Directed by Rodney Ascher
Starring Nick Bostrom, Erik Davis, Paul Gude, Joshua Cooke
Anyone who has ever sat through an Epistemology class can attest to feeling completely overwhelmed at times with the nothingness of it all. It’s frustrating to try and convince your professor that you’re not dreaming. You just know, right? Fine. Prove it. Philosophy works off of logical building blocks designed by the intellectual giants whose statues we now pass in stale museums. Rodney Ascher’s new documentary A Glitch in the Matrix does cover Plato’s “The Allegory of the Cave” but its real focus is how solipsism and video game culture have merged during the cyber age. Are we living in a simulation? If we are, now what?
This is really Rodney Ascher’s third horror-themed documentary, even though it doesn’t necessarily feel like it. The Matrix didn’t feel like a horror movie either, until Neo emerged into his new battery pod reality after taking the red pill. Ascher’s previous two films – the deep dive doc Room 237 about The Shining and his exploration of sleep paralysis in The Nightmare – are both seeped in terror. Glitch in the Matrix is more subtle, but what could be more frightening than being cognizant of the fact that this reality is powered by some mega-powered supercomputer in the sky?
Featuring some of the most interesting talking heads you’ve ever seen in a documentary, things kickoff with a digital avatar of Paul Gude sharing his whacked out theories about our simulated faux world. Somehow, you lean in a little closer to listen when it’s Lion-O from Thundercats waxing poetic on the nature of self. Bouncing from bong theory to some fascinating footage of legendary sci-fi author Philip K. Dick, Ascher’s cohorts try and convince us that our brains are actually in a vat on Alpha Centauri.
Really, the documentary ponders a new kind of “brain in vat” (BIV) sense data where our justified true belief (JTF) is regulated by a mysterious machine. Basically, Descartes’ edict “Cogito, Ergo Sum” is recalibrated for a Billie Eilish “Therefore, I Am” world. Even dipping its toe into the world of true crime, Wachowski obsessed killer Joshua Cooke who used the famed “Matrix defense” is also profiled.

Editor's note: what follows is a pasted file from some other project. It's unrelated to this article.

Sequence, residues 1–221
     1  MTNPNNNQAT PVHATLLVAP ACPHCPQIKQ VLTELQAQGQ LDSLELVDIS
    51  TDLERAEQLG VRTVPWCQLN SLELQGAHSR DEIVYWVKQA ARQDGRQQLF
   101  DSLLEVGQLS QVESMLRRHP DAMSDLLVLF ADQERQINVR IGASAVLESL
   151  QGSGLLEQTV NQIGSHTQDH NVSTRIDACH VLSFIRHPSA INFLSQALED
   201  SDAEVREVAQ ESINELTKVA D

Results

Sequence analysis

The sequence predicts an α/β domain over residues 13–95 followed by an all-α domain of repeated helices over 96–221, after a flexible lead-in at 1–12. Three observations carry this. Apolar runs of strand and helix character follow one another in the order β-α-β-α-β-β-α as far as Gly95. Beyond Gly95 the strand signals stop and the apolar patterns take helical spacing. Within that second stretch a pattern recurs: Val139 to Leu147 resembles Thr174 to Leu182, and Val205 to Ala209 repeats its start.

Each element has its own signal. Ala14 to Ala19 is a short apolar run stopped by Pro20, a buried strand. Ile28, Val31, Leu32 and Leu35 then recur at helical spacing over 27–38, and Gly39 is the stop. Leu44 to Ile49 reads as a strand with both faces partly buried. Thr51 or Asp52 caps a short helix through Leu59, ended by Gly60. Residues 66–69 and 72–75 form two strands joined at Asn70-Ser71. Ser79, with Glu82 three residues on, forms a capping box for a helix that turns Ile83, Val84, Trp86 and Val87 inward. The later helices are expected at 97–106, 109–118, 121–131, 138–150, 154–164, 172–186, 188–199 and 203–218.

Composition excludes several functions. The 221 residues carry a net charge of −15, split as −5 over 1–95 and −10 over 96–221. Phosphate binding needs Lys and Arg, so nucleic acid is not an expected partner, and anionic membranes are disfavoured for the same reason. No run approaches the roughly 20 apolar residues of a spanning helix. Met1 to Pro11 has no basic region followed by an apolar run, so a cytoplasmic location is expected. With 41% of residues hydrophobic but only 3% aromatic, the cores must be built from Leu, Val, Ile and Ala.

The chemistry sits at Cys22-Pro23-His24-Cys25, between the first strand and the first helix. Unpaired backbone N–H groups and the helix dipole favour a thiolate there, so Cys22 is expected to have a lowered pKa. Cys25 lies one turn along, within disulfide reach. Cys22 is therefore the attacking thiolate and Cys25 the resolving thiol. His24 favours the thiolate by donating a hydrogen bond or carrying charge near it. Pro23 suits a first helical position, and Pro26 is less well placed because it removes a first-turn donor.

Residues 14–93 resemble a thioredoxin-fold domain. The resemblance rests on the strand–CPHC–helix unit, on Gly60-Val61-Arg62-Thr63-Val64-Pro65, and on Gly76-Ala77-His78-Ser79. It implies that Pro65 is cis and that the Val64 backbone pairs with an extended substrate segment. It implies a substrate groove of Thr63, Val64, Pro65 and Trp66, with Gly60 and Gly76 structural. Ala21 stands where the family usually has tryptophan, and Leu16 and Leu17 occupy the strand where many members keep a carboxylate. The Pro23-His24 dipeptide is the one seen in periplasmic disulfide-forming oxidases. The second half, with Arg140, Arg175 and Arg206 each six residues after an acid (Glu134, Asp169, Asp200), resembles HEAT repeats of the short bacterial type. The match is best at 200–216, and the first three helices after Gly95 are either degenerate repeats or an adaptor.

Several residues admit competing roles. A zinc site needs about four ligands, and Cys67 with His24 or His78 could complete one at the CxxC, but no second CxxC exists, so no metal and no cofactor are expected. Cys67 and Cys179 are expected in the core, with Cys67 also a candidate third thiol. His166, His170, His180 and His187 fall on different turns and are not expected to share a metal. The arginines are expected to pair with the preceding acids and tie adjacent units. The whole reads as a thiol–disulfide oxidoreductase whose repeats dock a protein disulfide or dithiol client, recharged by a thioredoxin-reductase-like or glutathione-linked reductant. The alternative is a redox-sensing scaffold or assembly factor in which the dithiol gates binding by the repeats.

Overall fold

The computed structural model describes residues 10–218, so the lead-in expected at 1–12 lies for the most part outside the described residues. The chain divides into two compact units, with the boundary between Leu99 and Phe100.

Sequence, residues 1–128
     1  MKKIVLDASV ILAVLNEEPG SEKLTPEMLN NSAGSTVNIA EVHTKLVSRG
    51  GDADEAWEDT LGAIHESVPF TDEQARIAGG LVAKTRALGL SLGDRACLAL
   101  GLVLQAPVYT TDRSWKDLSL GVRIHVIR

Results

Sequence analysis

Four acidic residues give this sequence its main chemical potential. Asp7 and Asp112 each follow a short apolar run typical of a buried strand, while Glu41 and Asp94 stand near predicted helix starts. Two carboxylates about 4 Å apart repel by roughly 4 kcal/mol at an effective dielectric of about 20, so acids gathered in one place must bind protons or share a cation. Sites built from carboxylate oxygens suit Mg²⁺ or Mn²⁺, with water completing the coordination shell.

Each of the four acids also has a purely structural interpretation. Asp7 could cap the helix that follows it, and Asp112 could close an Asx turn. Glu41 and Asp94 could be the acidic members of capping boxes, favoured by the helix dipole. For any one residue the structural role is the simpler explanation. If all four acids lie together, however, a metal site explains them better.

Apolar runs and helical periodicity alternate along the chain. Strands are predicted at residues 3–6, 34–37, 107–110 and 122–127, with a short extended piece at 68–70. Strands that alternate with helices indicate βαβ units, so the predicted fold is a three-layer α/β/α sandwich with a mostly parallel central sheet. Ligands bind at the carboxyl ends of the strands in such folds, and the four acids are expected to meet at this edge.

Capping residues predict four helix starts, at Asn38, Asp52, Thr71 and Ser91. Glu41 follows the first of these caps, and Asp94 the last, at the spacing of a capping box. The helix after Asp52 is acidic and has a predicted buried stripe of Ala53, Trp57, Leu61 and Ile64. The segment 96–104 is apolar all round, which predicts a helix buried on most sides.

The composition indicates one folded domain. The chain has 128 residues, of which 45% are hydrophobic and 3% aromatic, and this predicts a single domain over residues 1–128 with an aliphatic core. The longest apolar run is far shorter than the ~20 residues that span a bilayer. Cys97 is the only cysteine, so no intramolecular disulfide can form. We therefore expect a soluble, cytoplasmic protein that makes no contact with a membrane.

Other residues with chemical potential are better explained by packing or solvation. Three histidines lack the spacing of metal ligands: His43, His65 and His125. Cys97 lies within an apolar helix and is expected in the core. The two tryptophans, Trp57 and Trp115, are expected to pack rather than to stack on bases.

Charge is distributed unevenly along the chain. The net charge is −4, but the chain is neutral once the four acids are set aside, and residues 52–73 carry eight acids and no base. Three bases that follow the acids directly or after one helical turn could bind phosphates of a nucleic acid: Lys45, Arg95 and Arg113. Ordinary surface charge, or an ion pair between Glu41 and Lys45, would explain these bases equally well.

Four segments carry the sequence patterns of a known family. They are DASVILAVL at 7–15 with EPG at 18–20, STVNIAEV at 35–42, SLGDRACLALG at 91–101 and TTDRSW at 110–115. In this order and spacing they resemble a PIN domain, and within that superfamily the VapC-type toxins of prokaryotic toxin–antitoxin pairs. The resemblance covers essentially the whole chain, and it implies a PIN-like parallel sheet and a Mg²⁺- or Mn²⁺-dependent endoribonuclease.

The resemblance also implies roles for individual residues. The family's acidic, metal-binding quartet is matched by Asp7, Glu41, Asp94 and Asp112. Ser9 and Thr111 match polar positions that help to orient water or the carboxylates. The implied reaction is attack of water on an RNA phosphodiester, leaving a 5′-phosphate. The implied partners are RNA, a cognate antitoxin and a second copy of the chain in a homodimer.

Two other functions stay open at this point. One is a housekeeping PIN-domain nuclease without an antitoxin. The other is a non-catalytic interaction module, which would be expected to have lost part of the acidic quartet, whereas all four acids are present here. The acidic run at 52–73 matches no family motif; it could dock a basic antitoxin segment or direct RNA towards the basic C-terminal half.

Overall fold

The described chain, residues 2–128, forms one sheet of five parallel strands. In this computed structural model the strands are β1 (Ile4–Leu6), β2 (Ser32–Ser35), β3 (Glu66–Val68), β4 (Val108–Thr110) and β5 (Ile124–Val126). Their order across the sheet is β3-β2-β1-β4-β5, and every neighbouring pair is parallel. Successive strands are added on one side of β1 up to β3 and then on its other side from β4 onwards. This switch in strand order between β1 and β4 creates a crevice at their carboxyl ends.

Interweaving grand, existential ideas we’ve pondered for centuries with wild theories about virtual reality, this latest creation myth is both profound and ridiculous – and undeniably compelling. The mindwalk that Ascher’s latest traverses is brilliant for another reason. It’s a pathway to the philosophers of old and sci-fi classics in film and literature, graphing them together like a motherboard brain searching for every relevant connection. Just from a marketing standpoint, A Glitch in the Matrix has so many promotional tie-ins and cultural touchstones that it shouldn’t have much trouble going mainstream. Magnolia Pictures, having just acquired the worldwide rights to the film, should be thrilled by the possibilities. (For reviews like this in the Google machine, it’s an SEO dream.)
Ascher has created a different cinematic language inside the world of documentary filmmaking making big ideas immediately more accessible to the masses. Or at least to the people that watch documentaries in the first place. His style compliments this subject particularly well, using pop culture staples like Tron and The Matrix as a clever cheat into a backdoor Intro to Philosophy class. Because of that immediate accessibility, A Glitch in the Matrix is almost the equivalent to the Stephen Hawking documentary A Brief History of Time.
Once again, Ascher picks material that is compelling on its own, but then uses the documentary form to spotlight the subjects just as much, if not more, than the subject itself. If Room 237 shows obsessed fans with crazed theories about The Shining, then A Glitch in the Matrix highlights the passion of keyboard intellectuals trying to prove we’re living in a simulation. They might not be more convincing, but they’re a lot smarter.
If Room 237 shows obsessed fans with crazed theories about The Shining, then A Glitch in the Matrix highlights the passion of keyboard intellectuals trying to prove we’re living in a simulation. They might not be more convincing, but they’re a lot smarter.